Brothers at Bat: The True Story of an Amazing All-Brother Baseball Team

Brothers at Bat: The True Story of an Amazing All-Brother Baseball Team


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The Acerra family had sixteen children, including twelve ball-playing boys. It was the
1930s, and many families had lots of kids. But only one had enough to field a baseball
team . . . with three on the bench! The Acerras were the longest-playing all-brother
team in baseball history. They loved the game, but more important, they cared for
and supported each other and stayed together as a team. Nothing life threw their way
could stop them.

Full of action, drama, and excitement, this never-before-told true story is vividly
brought to life by Audrey Vernick’s expert storytelling and Steven Salerno’s stunning
vintage-style art.

Product Details

ISBN-13: 9780547385570
Publisher: Houghton Mifflin Harcourt
Publication date: 04/03/2012
Pages: 40
Sales rank: 178,660
Product dimensions: 9.70(w) x 10.10(h) x 0.50(d)
Lexile: AD710L (what's this?)
Age Range: 4 - 8 Years

About the Author

Audrey Vernick is the author of several picture books as well as the middle grade novel Water Balloon. She lives in Ocean, New Jersey. Please visit her at

Steven Salerno has illustrated many picture books, several of which he wrote. This is his first about baseball. He lives in New York City. Visit him at

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Brothers at Bat: The True Story of an Amazing All-Brother Baseball Team 4.7 out of 5 based on 0 ratings. 3 reviews.
Anonymous More than 1 year ago
This book is about a family baseball team. There were 16 children in the Acerra family and the 12 boys all loved baseball (imagine if 1 didn't!). This book combines the story of their games with the story of a family that was very close and supportive. The father coached the boys and attended all their games. And the Baseball Hall of Fame honored them for being the longest playing all brother team. (In an author note I learned that there had been many others.) You have to read this one. No one could make up a story like this but that's probably just as well. It's the truth that makes this one so special.
GeoLibrarian More than 1 year ago
I am delighted to see more and more picture book biographies being published. This makes it so much easier to share biographies with younger children. At the same time, picture book biographies have to be carefully done in order to provide enough information without going overboard. I mean how do you provide just enough information to help the reader get an idea of what the person was like, without getting bogged down in details? I firmly believe that it is an art form. Picture books are an art in and of themselves, but picture book biographies require an even more careful hand because the characters are real. Audrey Vernick does a fantastic job of this in Brothers at Bat. Vernick provides enough information to give the reader a taste of what the people are like, without losing her focus on a baseball team made up of only brothers. Sixteen children, twelve of whom were boys, I can only admire their parents. I appreciated the small touches that made the family seem so real, things like the slam, slam, slam of the door as the boys raced out to play. The sharing of beds, the individual portraits that show the familial similarity but also individual differences, all added to the story. The illustrations are gorgeous and appealing. I'm always amazed when illustrators can create faces from a few lines and shapes. Salerno does a great job of this. If you are looking for more great picture book biographies, I highly recommend this one.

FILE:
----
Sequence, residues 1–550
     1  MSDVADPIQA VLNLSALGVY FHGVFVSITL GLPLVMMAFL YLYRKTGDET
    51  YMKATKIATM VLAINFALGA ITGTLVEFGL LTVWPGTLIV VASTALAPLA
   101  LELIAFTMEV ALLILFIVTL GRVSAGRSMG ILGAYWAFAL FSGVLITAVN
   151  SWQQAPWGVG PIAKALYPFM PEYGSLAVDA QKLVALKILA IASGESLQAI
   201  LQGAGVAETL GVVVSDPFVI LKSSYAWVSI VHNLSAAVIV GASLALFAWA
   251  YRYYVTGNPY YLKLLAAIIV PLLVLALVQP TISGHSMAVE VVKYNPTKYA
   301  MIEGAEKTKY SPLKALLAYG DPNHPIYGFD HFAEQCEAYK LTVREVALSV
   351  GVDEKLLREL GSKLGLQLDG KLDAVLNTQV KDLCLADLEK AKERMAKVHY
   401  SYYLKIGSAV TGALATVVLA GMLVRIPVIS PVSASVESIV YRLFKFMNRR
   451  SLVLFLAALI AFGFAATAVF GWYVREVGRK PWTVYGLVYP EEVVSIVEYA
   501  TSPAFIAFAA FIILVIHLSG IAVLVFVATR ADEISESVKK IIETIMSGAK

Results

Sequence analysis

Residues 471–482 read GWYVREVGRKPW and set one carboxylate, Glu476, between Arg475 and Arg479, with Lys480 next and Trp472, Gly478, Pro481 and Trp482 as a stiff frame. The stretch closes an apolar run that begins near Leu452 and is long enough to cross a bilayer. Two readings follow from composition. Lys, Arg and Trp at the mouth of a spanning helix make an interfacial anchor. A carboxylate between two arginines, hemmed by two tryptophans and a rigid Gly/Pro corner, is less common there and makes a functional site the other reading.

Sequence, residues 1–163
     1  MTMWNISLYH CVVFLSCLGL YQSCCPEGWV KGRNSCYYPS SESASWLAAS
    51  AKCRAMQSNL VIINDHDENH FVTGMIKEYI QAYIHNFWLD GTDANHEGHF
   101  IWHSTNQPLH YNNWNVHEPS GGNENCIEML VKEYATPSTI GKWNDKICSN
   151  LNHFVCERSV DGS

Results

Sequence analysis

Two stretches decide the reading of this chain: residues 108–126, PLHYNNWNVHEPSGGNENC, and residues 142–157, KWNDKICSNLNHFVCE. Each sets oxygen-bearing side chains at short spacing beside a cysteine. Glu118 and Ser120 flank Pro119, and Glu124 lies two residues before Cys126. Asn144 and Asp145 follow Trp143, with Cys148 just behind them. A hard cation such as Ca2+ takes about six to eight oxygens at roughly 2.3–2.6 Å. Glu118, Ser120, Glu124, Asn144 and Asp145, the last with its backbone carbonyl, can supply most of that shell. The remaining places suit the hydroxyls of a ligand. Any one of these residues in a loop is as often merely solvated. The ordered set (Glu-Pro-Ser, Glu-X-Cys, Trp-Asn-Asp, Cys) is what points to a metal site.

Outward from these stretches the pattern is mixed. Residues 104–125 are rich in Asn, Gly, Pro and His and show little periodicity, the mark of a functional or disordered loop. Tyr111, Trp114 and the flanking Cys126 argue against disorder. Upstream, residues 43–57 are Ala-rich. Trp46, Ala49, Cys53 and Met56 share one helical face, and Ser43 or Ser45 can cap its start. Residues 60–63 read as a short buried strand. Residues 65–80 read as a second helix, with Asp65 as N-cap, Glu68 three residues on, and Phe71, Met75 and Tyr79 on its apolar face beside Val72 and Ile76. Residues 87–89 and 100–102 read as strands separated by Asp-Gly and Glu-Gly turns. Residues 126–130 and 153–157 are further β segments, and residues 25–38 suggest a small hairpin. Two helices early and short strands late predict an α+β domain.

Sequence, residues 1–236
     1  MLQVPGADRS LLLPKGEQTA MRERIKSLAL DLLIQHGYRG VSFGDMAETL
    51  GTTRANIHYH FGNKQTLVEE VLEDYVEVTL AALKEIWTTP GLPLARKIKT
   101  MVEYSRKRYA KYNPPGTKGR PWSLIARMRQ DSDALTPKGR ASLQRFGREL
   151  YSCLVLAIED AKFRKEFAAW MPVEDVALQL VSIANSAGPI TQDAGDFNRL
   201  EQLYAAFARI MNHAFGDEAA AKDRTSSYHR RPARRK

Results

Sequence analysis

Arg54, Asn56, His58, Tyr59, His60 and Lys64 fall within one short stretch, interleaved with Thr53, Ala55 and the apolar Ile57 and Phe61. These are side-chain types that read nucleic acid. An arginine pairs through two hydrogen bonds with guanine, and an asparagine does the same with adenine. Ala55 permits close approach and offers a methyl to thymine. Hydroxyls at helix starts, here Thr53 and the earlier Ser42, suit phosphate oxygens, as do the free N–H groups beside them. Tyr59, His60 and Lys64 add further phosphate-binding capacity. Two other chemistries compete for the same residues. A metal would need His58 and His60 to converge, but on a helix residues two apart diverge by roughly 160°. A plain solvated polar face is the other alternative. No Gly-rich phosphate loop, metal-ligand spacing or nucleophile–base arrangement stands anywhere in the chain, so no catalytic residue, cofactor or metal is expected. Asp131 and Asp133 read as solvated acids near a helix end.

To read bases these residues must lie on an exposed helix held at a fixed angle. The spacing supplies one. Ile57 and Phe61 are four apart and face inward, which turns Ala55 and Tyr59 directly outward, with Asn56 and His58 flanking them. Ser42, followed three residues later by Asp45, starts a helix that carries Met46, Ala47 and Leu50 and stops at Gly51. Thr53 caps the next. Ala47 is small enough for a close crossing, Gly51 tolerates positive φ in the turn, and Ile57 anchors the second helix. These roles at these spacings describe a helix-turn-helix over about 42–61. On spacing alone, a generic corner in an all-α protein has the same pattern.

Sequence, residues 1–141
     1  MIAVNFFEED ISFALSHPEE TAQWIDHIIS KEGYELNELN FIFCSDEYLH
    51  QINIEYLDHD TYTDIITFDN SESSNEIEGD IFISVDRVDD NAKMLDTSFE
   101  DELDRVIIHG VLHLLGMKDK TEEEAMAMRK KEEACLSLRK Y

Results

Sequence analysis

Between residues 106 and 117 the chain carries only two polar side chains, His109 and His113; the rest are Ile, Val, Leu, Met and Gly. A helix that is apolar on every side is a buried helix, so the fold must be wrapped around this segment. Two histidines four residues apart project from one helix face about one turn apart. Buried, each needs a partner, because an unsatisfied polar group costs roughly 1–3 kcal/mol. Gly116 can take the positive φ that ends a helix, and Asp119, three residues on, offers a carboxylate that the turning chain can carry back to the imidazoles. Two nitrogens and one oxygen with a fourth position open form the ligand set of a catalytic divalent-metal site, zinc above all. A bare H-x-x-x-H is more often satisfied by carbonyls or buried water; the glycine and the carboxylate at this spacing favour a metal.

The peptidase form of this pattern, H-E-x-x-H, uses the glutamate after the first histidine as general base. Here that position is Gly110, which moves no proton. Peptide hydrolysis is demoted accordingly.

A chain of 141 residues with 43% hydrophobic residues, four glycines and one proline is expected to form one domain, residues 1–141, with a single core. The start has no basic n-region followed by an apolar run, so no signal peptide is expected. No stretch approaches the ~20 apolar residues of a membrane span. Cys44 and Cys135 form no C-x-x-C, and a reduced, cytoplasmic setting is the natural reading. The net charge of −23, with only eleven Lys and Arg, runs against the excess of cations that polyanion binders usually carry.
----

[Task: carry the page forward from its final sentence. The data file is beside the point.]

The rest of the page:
asomers on LibraryThing More than 1 year ago
Great true story about a local family and their days spent playing professional baseball.